UNHCR – UNHCR highlights great progress on refugee vaccine inclusion but inequities hamper rollout

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Kenya. COVID-19 Immunization in Kakuma Camp and Kalobeyei Settlement

Hassan Abdul, a 22-year-old Somali refugee, receives a COVID-19 vaccine in Kakuma refugee camp, Kenya.  © UNHCR/Pauline Omagwa

Most of the world’s countries now include refugees in their national COVID-19 vaccination plans, according to new data from UNHCR, the UN Refugee Agency.

While on paper refugees in 162 states are now included in national schemes, and there have been improvements in the supply of vaccines to countries, administrative barriers, capacity issues and logistical challenges have meant that many refugees are yet to receive their first dose.

Almost 8.3 million vaccine doses have now been received by refugees and other forcibly displaced people across 68 countries in Asia-Pacific, Europe, Africa and the Americas. An additional 82 countries have also confirmed that vaccines have been administered to refugees, forcibly displaced and stateless people, but the numbers have not been made available.

“Though we are seeing tremendous progress on vaccine inclusion – a key pillar of the pandemic response which we have been advocating for since the onset – the reality is that most refugees are hosted in developing countries facing critical vaccine inequity and implementation challenges,” said Sajjad Malik, Director of UNHCR’s Division of Resilience and Solutions.

“Vaccine inequity is taking the greatest toll on those most vulnerable. Not enough doses are making it into the arms of those who need them most.”

To address this issue, UNHCR has been advocating for greater support to host countries to help them overcome access barriers.  It is also calling for greater investment to strengthen national health systems across low- and middle-income refugee hosting countries, to support more effective pandemic preparedness and response capacities.

UNHCR is also urging countries to address specific constraints and impediments faced by refugees, that prevent them from receiving doses.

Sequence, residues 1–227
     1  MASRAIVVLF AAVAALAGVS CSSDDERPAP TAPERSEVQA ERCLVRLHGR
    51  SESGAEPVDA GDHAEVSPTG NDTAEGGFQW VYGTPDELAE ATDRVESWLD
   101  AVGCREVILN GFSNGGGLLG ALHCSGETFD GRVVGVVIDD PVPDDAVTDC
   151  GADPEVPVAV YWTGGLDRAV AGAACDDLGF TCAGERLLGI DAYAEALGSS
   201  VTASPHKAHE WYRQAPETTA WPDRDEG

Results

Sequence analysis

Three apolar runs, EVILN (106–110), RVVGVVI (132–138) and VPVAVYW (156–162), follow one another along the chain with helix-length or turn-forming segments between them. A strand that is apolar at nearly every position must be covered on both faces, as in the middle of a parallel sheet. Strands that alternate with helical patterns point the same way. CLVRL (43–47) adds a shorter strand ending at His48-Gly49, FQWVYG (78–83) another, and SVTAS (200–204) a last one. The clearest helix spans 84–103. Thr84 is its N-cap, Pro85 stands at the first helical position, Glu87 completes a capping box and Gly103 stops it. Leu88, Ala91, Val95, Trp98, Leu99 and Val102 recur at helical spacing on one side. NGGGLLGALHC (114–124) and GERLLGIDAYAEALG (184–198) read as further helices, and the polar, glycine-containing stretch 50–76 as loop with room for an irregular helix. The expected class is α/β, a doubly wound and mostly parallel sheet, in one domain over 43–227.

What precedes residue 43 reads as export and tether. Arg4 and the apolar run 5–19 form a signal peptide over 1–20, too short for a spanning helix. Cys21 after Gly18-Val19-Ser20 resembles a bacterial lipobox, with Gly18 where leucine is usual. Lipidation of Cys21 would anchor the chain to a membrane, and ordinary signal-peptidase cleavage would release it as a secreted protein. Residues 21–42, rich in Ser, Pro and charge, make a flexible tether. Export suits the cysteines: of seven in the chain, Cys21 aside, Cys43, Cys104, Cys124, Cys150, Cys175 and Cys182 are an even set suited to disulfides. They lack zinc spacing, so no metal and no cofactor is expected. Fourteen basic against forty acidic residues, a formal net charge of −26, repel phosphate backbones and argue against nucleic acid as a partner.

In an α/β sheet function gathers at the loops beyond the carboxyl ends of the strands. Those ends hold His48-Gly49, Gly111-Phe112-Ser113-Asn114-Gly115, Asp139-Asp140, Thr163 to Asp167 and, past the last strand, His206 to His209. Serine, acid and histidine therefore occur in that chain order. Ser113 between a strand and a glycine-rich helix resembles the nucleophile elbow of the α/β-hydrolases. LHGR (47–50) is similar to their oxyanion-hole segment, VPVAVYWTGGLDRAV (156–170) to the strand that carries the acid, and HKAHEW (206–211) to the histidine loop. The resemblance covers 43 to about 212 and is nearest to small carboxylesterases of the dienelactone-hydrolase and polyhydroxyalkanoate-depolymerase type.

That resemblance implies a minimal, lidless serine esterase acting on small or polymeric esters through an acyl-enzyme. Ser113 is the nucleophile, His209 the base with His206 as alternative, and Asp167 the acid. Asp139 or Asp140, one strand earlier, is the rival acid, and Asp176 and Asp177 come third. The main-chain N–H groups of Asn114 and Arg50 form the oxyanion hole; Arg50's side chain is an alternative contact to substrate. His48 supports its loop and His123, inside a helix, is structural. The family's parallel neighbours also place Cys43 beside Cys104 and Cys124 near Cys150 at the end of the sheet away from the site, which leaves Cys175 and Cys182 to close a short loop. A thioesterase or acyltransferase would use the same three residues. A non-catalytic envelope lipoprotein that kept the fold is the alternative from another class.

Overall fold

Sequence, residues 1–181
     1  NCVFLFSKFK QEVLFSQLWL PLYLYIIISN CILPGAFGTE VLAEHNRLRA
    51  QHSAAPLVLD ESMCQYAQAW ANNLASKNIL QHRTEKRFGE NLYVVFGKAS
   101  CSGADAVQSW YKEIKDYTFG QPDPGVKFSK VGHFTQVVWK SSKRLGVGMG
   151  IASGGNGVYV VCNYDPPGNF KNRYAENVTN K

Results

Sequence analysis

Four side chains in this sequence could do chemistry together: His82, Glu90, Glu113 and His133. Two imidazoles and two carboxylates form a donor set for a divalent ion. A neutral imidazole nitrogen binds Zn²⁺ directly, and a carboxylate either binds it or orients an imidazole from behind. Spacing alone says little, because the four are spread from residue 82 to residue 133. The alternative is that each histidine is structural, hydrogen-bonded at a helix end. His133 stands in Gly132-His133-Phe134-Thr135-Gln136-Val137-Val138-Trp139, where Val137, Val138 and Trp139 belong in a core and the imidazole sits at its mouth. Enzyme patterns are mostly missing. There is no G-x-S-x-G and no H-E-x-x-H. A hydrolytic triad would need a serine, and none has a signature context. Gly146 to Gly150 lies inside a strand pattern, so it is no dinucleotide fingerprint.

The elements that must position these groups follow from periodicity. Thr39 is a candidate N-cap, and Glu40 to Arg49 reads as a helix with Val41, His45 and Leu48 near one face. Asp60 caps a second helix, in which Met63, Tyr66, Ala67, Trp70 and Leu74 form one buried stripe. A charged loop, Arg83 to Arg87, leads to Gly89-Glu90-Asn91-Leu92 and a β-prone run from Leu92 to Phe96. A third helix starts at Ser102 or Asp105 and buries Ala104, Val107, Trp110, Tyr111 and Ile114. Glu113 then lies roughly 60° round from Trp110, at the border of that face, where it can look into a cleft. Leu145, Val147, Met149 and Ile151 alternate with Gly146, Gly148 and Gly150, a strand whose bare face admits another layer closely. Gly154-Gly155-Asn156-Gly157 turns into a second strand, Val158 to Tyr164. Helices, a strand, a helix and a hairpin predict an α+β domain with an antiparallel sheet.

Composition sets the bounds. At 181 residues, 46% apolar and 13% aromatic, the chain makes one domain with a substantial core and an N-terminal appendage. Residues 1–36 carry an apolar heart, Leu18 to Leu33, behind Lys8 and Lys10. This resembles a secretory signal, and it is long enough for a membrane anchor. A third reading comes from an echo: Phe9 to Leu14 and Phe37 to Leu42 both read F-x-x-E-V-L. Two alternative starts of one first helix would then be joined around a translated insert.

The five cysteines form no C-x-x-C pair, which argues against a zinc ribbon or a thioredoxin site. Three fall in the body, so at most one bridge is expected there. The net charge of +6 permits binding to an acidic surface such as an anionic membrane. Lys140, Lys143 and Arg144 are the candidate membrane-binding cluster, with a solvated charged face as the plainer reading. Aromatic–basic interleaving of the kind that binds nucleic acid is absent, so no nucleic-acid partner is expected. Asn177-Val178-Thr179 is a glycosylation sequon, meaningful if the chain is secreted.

According to available UNHCR data, where doses are being administered, vaccination rates for refugees are lower than the average for national populations. This is largely due to logistical challenges and administrative requirements that refugees may not be able to meet.

To register for or receive vaccinations, some states require identity documents that refugees often lack. Other countries have established online registration systems that can deter or prevent people without access to the Internet, or who are not computer literate, from accessing vaccines. Elsewhere, vaccination sites are located far from where refugees live, or there are requirements that those seeking vaccines are reported to immigration authorities.

Great progress has been made across many refugee host countries and by refugees themselves, to help with access and uptake. In Angola, refugees play a key role in counselling and helping other refugees to overcome vaccine hesitancy and manage post-vaccination symptoms.

In Bangladesh, community health workers are conducting door-to-door awareness campaigns to discuss concerns about the vaccine, and facilitating transport for refugees unable to reach vaccination sites. In South Africa, UNHCR is piloting a chatbot to reinforce vaccine safety messaging and working with partners to enhance outreach and referrals for those without documents.

UNHCR reiterates its call to ensure full integration and accessibility for forcibly displaced and stateless people in COVID-19 response and recovery schemes. More information on its COVID-19 response is here: https://www.unhcr.org/coronavirus-covid-19.html                                                                                                                           

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